The first time Dr. Mike Davis ’08 went to Liberia, he figured it would be a good opportunity to enjoy traveling and provide medical care. What he didn’t foresee was that he’d fall in love with the landscape and the people of the West African nation so much that he would jump-start the respiratory therapy profession there.
“The people are wonderful,” said Mike, a respiratory therapist with a biomedical science degree from University of Lynchburg. “The country is beautiful and my specific type of work was in need there. There was a need for my field and the thing I’m passionate about, so it was pretty easy to get involved.”
To back up a little, respiratory care as a profession is almost unheard of in lower-income countries like Liberia. It’s not incredibly common in more prosperous nations either. “It’s largely a luxury of the developed world,” Mike said. “Only about 30 countries in the world have identified respiratory care as a profession. None, before Liberia, were lower-income nations.”
Consequently, respiratory failure is the leading cause of death in Liberia, where, according to Mike, “pneumonia is common,” a third of the population has malaria, and “respiratory [failure] is the cause of over 90 percent of infant deaths.”
On his first trip to Liberia in January 2011, Mike helped start a clinic in an all-girls school and worked in a de-worming program for orphans. Seeing the need for respiratory care, he knew he wanted to go back. He postponed a new job and PhD program so he could return to Liberia in August 2011.
Exactly what he was going to do once he got there was a little up in the air. “I didn’t really have a focused project,” Mike said. “I went over there alone and thought, at the least, I’d show up and work at a hospital, and figured I’d just look for ways I could help.”
Mike worked at various hospitals, eventually landing at Liberia’s national hospital, John F. Kennedy Medical Center, in the capital of Monrovia. He thought he was probably the only respiratory therapist in the country until he finally met Joseph Moore, a Liberian who had worked in respiratory therapy in the United States. Joseph had returned to Liberia to help build up its medical infrastructure after devastating Civil Wars. “We hit it off from the start,” Mike said.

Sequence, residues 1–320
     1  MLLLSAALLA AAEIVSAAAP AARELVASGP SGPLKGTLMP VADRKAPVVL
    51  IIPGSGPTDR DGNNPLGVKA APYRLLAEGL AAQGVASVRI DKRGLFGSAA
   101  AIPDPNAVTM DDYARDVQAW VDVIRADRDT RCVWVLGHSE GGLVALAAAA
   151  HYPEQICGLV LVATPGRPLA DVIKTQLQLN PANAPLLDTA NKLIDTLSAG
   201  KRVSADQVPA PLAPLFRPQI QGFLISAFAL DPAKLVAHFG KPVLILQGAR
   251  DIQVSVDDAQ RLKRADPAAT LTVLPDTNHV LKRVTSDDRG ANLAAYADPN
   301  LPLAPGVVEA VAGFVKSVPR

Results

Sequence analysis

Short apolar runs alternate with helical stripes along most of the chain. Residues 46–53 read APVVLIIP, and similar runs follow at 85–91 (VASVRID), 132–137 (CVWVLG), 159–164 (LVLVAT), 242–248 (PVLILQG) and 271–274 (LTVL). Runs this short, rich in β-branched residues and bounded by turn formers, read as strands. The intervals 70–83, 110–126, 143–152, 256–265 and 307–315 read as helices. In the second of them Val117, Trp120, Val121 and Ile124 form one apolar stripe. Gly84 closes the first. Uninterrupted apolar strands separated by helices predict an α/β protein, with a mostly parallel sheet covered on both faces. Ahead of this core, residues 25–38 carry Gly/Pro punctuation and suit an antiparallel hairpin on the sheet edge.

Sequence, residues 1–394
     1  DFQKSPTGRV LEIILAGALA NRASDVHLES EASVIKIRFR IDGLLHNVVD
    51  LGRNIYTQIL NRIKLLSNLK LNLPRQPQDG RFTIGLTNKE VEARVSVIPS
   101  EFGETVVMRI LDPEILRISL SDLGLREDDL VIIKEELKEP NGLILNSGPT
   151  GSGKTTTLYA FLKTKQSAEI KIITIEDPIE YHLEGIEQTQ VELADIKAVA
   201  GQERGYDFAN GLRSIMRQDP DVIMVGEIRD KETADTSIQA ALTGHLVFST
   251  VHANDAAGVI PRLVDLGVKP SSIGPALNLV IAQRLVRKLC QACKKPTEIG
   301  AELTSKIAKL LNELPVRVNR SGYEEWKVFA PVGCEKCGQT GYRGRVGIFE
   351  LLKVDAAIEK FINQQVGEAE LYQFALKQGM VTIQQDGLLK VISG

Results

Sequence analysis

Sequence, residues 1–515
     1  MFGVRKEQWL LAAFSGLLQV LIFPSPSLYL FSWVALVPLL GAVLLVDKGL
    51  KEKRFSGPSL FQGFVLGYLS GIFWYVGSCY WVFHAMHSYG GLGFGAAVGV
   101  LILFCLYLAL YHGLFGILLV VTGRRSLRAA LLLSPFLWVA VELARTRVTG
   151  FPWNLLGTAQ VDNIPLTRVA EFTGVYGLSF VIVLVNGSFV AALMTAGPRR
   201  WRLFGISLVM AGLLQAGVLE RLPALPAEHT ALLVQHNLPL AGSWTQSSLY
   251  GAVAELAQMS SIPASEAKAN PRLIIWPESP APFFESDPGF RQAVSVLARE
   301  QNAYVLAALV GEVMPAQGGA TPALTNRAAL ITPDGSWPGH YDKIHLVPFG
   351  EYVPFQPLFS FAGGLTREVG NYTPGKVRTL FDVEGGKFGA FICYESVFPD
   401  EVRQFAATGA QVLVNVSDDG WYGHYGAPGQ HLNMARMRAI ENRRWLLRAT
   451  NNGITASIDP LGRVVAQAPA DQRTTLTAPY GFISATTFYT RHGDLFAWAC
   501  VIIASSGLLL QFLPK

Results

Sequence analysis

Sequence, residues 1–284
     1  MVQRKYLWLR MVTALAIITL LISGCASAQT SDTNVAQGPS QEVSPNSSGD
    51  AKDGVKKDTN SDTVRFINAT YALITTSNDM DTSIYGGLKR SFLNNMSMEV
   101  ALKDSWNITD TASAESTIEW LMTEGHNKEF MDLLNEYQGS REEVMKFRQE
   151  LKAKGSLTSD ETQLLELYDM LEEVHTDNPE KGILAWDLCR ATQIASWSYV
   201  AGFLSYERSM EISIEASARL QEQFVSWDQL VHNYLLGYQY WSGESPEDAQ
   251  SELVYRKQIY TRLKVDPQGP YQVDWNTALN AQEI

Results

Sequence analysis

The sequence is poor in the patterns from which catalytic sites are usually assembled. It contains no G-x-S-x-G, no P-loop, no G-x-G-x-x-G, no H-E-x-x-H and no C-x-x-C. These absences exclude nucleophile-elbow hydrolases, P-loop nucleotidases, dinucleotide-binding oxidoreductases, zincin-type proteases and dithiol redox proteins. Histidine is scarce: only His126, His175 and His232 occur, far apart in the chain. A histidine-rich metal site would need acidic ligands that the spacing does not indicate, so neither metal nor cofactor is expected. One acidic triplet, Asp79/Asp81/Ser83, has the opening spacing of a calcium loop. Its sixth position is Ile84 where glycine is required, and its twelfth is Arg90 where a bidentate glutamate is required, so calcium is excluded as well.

Things moved quickly from that point. Mike started his job at Virginia Commonwealth University (where he later earned a PhD) in January of 2012. In July of that year he and Joseph opened the Liberia Respiratory Health Care Institute, a school that trains respiratory therapists. The first class of nine students graduated in the fall of 2015. Already, they’ve made a difference. The second class will graduate soon.
“We’ve already seen a significant decrease in infant mortality at the two facilities at which our graduates work,” Mike said. “Our next step is to implement our graduates at the national tuberculosis treatment centers, where we think they’ll have a pretty big impact.”
Mike, who is currently an assistant professor of pediatrics at the Medical College of Virginia at VCU, also founded Partner Liberia with best friend and researcher Scott Dwyer. The nonprofit is committed to advancing respiratory therapy, eradication of parasitic worms, and green energy solutions in Liberia.
Mike hopes to eventually involve Lynchburg students in his work in Liberia.
“I definitely intend to try to involve students with his,” he said, “and LC is a place with which I would like to do that, to make this an educational opportunity for students who want to experience work internationally, especially with the underserved.
“That’s part of our goal: to let others realize their interest in this work and give [them] an opportunity to make a difference.”
Asked about how his experience at Lynchburg prepared him for all of this, Mike credits the College with helping him learn how to keep all the balls in the air, so to speak. When Mike came to LC, he was working full-time as a respiratory therapist, something that could make scheduling classes — sometime even attending them — difficult.
“LC always encouraged me, even in my studies, to stay in the workforce,” he said. “I worked full time as a respiratory care practitioner while I was a student, and that didn’t always work with my class schedule. They allowed me to work around that.”
That prepared him to keep up while he was a full-time PhD student and working on the Liberia project at the same time. “Learning how to balance that occurred during my time at LC.”